We have a remarkable, powerful and shared legacy of making our corner of the world a better place to live, work and explore for all of us today and for future generations.

NHM: What is the impact that the Conservancy has on Western PA?

Bray: The work of the Conservancy has been a collective effort of our members, donors, staff, board, partners and volunteers, and together our efforts have led to significant historical, cultural and ecological impacts to our region. Western Pennsylvania is a beautiful, dramatic, varied and scenic region of extensive forests, picturesque mountain ridges, broad rivers, wild streams, beautiful vistas, and miles of farmland. Our region has biologically diverse ecosystems, and habitats important to the wide range of plant and animal species of our region. And our region has a site on the UNESCO World Heritage List with the recent designation of Fallingwater.

We are committed to thinking strategically and working on projects to address the biggest issues of our time such as climate change, invasive species and the biodiversity crises to ensure nature is protected and thriving in Western Pennsylvania. At Fallingwater, we’ve instituted programs for youth to learn about nature and architecture, and advanced programs through the Fallingwater Institute for youth and adult creators, designers and architects to learn and hone their crafts. The Conservancy’s nature preserves offer 14,000 acres for all people to use and enjoy. In communities across our region, we’ve planted more than 105,000 trees since 2008.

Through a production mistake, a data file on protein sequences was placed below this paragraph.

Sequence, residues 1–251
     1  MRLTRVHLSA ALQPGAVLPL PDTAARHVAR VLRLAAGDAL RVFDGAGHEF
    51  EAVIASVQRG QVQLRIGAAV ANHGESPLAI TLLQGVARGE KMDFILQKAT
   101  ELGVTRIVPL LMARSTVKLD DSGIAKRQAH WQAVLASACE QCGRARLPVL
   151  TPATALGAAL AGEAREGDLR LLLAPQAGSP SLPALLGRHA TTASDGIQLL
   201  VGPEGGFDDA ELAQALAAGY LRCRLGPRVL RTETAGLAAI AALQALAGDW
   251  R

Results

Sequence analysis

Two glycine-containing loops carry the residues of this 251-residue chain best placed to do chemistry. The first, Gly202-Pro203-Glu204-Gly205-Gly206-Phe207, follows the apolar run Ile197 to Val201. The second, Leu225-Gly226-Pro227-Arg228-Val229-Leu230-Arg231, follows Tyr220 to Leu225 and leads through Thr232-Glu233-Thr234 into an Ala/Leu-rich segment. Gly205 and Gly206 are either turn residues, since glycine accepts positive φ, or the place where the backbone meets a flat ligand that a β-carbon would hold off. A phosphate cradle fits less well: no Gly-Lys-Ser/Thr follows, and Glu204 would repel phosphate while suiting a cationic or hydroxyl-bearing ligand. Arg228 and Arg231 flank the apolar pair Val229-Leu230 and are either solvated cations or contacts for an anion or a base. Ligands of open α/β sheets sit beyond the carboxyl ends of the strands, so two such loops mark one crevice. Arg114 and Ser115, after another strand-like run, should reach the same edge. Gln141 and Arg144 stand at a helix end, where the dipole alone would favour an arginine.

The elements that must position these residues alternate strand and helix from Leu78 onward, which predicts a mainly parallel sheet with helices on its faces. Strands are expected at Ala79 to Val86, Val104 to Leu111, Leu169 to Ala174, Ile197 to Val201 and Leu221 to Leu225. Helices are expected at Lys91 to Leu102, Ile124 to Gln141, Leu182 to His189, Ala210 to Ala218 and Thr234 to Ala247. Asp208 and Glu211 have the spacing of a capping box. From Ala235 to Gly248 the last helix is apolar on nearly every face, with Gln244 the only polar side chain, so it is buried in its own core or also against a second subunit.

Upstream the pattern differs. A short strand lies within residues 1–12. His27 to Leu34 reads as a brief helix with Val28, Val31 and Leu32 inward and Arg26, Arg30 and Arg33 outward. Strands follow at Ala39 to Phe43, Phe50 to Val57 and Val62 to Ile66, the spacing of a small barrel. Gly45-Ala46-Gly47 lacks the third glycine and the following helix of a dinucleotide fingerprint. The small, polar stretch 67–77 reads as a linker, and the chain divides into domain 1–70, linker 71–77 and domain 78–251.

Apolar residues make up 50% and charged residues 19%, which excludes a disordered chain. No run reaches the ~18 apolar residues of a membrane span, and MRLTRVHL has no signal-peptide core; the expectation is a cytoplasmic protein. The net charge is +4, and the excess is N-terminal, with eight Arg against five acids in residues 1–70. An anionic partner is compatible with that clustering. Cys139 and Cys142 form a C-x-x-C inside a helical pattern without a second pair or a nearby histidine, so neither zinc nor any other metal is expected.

Western Pennsylvania Conservancy is at the heart of all of this historic, cultural, educational and ecological significance in our region.

NHM: Do you partner/interact with other like-minded organizations and if yes, how?

Bray: The work of the Conservancy is a collective effort of members, donors, staff, board, volunteers and many partners. We are fortunate to have a broad network of like-minded partners who help make our work to protect, restore and beautify the region possible.